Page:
Photo Essay: Fall in the Enchantments
Battling intense terrain and early season snow while backpacking Washington's Alpine Lakes Wilderness
Kodak Ektar 100
We had won a backpacking permit in the lottery for the Enchantments area of the Alpine Lakes Wilderness back in March for this October. Our group of seven was to embark on a five day trip across the 19 mile traverse of the Enchantments Trail. After almost six months of planning and anticipation, we were excited, but having an entry so late in the season, we had no idea just what was in store for us.
Then the night before our arrival a blizzard that dropped five inches of snow on the entire area. As a difficult trail to begin with, the addition of this fresh snow would be an entirely new challenge.
Our first stop was Colchuck Lake, where we were greeted with our first larches in their finest fall colors, and a view of Aasgard Pass, the gate into the Core zone of the Enchantments. The pass gains almost 2000 ft of elevation in just over a mile. Scrambling up takes every ounce of strength—think burning thighs and wheezing lungs for almost three hours. Then add snow, and it became one beast to climb.
"As a difficult trail to begin with, the addition of this fresh snow would be an entirely new challenge."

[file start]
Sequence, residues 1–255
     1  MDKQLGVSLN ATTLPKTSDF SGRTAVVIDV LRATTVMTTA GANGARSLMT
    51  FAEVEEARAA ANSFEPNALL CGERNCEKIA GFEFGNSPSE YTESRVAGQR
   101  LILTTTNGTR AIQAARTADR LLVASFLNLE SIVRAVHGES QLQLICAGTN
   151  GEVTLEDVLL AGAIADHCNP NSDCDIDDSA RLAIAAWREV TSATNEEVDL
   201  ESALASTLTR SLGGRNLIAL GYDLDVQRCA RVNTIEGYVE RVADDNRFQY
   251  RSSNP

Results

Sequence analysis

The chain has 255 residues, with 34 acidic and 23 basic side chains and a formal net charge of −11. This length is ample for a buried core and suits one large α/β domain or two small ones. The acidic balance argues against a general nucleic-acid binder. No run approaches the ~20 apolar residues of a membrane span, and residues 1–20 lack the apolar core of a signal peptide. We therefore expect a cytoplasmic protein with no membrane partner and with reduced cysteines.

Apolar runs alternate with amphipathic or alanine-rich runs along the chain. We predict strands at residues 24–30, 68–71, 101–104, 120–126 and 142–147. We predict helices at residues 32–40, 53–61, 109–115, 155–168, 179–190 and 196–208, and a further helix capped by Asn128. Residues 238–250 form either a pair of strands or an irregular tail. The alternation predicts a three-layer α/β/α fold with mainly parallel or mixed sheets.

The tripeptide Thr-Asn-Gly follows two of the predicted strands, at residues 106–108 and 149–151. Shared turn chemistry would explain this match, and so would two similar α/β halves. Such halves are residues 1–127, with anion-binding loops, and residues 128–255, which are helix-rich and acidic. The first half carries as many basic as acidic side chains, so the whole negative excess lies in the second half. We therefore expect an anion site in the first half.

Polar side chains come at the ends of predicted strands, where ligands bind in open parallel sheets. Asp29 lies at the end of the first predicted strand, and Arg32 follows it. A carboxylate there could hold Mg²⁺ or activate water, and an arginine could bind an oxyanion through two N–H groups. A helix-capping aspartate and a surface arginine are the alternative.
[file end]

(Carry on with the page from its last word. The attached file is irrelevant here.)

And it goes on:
On the way up, we said goodbye to whatever was left of the Fall and were immediately introduced to Winter. Upon reaching the top of Aasgard Pass an entirely new landscape laid out in front of us, feeling almost arctic.
At the highest point of elevation for our trip, the landscape was rocky and the weather severe. We ended up staying two nights at this camp, so that half of our crew could attempt to summit Prusik Peak. A windstorm struck in the middle of the day though, foiling their climb. It took a little longer for the storm to hit camp, but when it did, we were building rock walls to help protect our tents from 40 mph winds and the snow that came with it. To say that this was a cold night would be a gross understatement. Every toe and finger was completely frozen and unable to warm up. We kept our water filters in our pockets, hoping that our body heat would keep them from freezing and breaking. After a long night of waking up consistently to howling winds, shivering in our sleeping bags, we were eager to move on.
After leaving what we jokingly called “The Arctic Zone,” it didn’t take long before we began to descend to the most magical parts of the Enchantments. At a slightly lower elevation, the trail wove through a seemingly endless maze of almost unimaginably blue alpine lakes and bright yellow larches. We took this part of our hike slowly, capturing every second we could. With such an otherworldly landscape, it almost seems hard to believe it exists.
After a final night camping on Snow Lake (and the last of our freeze dried meals consumed), we woke up at sunrise to get a jump on our final day’s hike out to the Snow Lake Trailhead. It was hard to say goodbye, but after five days of getting beat on by everything the Enchantments had to offer, we were pretty ready to get out of the wilderness.
It snowed for the entire way out. Not another blizzard, but that serene silent snow that fills the forest with a bit of magic. The perfect goodbye from such a truly enchanted place.